7 If you abide in Me, and My words abide in you, you willask what you desire, and it shall be done for you.8 By this My Father is glorified, that you bear much fruit; so you will be My disciples.9 “As the Father loved Me, I also have loved you; abide in My love.10 If you keep My commandments, you will abide in My love, just as I have kept My Father’s commandments and abide in His love. (John 15: 7-10)
My father was a middle school teacher in a city with many immigrants and refugee children from the second world war. There were Finns, Estonians, Latvians, Lithuanians, Polish, Serbs and an occasional Jew. Many children came from single moms since this was a textile city. So naturally he was a flaming liberal. But he had a very developed sense of right and wrong. He had a way with children, so the administrators gave him a large number of children from broken homes. He always tried his best to help them succeed in spite of hardships, and even now, 60 years later they call my mom in thankfulness, even going so far as to say “He saved my life”. Then in the 60’s and 70’s he saw the excesses of a socialist government, year after year taking more than the salary increases in additional taxes, so the take home pay every ear was a little bit lower. Meanwhile we had raging inflation. After his retirement my mom took a job as a therapist for people with cognitive challenges. Many had been in state facilities all their lives. The social administrators decided one day that they too should lead normal lives and gave them a dinner at the town’s most expensive restaurant. Not only did they not appreciate it, but they wanted to go back home and eat what they were used to. When my father found out the size of the bill he said bluntly: That’s it. From now on I am a conservative. But now he had to search out, how shall we then live, so he started going back to his childhood faith, the faith he abandoned as a young man because of the hypocrisy he saw in those to proclaimed to be Christians.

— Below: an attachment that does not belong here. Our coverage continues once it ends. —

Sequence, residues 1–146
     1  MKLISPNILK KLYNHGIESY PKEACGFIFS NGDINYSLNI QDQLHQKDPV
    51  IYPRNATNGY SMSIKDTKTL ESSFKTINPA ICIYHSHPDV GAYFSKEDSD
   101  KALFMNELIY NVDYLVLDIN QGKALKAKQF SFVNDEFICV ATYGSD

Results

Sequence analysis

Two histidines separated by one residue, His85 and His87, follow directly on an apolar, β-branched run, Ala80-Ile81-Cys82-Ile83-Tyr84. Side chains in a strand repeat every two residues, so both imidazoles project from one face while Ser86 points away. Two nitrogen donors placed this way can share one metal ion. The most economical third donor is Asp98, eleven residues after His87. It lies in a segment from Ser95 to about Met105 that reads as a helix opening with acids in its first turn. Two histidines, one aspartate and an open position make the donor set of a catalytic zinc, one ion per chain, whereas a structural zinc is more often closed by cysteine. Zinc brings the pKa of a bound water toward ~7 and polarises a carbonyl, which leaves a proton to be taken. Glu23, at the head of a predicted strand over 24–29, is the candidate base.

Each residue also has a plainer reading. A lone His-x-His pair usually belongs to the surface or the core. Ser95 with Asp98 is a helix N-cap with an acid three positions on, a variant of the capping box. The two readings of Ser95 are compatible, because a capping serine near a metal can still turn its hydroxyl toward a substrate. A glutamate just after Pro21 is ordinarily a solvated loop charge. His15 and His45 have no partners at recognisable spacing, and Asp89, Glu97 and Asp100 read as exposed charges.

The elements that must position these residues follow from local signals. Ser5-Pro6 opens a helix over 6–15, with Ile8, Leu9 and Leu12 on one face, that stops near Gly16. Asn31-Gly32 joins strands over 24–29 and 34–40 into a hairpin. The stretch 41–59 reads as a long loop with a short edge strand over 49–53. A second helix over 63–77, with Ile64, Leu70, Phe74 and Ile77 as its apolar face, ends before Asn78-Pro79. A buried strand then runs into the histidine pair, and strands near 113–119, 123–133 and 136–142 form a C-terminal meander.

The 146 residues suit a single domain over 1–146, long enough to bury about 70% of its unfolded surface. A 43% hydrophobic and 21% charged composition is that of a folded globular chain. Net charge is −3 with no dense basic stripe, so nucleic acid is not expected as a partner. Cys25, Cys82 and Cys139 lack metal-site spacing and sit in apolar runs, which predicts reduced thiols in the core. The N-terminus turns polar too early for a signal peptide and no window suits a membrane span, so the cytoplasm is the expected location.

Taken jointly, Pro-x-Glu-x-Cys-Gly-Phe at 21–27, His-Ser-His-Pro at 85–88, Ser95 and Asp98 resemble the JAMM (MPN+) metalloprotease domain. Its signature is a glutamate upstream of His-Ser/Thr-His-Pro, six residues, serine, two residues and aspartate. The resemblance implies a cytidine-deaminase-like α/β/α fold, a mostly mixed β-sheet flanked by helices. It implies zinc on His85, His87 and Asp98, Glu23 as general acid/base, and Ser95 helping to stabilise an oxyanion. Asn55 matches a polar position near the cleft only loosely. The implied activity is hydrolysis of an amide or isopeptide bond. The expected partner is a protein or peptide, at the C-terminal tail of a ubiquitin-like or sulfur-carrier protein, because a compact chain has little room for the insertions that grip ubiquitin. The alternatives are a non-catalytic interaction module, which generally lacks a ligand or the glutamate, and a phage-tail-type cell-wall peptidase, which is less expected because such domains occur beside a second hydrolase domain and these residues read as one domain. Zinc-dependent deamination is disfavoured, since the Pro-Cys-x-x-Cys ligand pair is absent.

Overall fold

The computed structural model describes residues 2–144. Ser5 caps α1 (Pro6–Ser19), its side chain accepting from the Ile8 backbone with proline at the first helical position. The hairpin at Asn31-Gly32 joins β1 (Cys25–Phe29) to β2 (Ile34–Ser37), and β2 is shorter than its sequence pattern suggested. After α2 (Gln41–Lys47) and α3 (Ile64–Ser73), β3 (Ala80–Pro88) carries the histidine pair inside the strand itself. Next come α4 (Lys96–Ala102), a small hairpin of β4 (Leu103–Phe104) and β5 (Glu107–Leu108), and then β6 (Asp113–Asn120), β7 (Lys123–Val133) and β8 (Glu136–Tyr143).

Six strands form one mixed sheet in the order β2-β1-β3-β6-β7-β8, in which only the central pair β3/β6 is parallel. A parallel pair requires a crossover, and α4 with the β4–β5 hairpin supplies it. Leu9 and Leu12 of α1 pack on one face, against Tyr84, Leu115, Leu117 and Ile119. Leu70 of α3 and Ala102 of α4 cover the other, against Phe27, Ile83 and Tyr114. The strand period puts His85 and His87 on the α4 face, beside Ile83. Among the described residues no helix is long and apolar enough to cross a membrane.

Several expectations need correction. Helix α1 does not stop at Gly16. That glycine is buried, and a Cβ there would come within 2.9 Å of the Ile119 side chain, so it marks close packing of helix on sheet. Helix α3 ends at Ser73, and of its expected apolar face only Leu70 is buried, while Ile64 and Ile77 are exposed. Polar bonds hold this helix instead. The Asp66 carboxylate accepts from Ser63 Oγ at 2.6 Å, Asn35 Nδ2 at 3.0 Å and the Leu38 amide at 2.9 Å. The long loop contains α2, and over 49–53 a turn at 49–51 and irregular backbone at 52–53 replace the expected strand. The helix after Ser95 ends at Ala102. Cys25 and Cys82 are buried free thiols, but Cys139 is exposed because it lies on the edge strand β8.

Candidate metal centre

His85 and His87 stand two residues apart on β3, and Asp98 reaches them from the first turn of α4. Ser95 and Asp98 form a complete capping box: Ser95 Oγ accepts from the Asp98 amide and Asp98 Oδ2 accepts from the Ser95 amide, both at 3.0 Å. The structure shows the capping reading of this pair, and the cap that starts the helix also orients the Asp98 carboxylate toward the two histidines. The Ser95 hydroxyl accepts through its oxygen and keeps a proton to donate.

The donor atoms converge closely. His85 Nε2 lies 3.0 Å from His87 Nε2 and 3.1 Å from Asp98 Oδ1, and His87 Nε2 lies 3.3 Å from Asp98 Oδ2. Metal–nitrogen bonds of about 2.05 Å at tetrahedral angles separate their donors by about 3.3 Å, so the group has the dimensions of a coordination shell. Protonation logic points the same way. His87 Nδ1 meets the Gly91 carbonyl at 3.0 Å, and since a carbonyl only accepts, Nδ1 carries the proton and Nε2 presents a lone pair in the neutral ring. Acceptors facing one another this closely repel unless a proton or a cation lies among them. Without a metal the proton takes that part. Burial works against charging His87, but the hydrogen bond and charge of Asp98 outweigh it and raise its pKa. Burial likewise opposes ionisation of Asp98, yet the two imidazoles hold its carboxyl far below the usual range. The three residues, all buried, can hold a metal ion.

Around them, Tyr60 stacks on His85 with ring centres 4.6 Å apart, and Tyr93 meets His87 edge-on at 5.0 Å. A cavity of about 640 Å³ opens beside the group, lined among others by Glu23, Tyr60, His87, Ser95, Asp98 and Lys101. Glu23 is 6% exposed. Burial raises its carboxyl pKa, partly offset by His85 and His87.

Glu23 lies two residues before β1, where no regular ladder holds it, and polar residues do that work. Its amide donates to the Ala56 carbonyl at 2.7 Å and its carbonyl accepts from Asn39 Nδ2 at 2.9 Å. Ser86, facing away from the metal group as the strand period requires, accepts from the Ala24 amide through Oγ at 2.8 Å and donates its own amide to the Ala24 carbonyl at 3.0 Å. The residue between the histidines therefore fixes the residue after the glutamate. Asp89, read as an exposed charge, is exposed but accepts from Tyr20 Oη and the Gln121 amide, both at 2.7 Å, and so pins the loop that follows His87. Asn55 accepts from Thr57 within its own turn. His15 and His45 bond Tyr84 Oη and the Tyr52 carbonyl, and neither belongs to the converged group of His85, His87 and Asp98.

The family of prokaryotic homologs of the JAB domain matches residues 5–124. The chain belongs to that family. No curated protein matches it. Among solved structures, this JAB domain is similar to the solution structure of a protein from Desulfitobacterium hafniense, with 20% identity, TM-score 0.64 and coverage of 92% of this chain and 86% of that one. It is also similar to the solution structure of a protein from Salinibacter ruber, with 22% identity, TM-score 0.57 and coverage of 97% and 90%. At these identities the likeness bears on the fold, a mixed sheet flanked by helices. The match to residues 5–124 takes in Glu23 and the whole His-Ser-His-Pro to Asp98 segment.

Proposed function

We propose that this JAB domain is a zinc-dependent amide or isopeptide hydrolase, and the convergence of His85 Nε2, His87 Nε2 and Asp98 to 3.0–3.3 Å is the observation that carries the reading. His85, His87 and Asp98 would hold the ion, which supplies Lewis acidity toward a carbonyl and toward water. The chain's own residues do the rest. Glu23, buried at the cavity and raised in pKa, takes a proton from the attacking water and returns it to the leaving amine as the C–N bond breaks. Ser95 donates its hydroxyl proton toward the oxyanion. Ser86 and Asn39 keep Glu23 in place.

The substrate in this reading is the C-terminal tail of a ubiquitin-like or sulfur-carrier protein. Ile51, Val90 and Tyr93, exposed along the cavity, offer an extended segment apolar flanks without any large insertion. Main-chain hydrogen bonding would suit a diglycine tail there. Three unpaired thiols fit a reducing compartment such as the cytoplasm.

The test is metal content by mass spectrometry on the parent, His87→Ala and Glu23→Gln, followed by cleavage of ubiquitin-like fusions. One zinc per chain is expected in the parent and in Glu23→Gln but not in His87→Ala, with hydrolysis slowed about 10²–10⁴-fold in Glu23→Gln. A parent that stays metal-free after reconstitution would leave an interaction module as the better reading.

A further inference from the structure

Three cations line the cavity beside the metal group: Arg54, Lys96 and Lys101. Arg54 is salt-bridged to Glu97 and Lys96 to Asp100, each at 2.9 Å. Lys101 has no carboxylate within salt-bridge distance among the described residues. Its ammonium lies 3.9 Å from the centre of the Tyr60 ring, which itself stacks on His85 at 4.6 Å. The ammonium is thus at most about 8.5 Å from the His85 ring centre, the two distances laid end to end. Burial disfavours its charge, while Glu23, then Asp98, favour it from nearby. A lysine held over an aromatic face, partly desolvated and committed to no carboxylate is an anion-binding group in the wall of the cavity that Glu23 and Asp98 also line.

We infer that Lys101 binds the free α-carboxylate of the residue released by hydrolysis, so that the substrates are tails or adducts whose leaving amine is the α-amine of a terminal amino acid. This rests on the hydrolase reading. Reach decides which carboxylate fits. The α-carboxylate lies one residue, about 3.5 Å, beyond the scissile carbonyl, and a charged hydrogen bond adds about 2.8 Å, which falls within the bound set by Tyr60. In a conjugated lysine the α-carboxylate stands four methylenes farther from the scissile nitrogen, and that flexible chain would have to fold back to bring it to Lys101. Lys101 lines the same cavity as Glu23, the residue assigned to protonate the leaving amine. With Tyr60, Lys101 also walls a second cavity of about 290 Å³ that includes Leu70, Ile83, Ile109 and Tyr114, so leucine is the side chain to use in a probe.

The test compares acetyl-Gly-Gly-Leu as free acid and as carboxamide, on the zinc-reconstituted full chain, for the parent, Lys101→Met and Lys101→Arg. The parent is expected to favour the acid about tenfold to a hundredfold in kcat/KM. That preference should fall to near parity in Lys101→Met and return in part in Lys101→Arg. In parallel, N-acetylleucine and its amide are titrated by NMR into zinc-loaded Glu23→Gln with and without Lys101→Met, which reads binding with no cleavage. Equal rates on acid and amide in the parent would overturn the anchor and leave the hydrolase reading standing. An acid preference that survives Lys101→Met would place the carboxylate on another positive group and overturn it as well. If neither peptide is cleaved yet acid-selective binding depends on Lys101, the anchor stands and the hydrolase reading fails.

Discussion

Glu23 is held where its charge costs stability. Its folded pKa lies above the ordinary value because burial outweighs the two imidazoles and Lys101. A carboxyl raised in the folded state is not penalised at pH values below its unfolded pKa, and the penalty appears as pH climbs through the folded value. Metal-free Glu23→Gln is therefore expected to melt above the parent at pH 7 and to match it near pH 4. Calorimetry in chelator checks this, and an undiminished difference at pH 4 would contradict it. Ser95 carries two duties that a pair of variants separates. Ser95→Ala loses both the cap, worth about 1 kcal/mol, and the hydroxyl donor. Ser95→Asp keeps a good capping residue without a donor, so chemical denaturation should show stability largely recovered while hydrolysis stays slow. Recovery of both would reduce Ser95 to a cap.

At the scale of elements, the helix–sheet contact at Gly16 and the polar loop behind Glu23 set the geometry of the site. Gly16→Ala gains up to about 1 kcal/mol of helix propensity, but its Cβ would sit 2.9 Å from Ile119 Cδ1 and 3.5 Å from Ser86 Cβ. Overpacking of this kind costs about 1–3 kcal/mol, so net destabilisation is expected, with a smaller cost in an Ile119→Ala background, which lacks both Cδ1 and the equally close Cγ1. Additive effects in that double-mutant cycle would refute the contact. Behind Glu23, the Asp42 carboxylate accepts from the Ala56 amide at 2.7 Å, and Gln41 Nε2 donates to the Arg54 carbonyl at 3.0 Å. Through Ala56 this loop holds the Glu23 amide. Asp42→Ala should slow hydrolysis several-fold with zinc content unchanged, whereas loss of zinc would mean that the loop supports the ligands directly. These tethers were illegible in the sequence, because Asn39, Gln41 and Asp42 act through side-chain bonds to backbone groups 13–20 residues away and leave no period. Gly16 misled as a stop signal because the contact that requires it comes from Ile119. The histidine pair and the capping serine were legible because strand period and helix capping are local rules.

Meanwhile my wife and I had been saved and one of my brothers married a strong Christian, and he searched for the truth.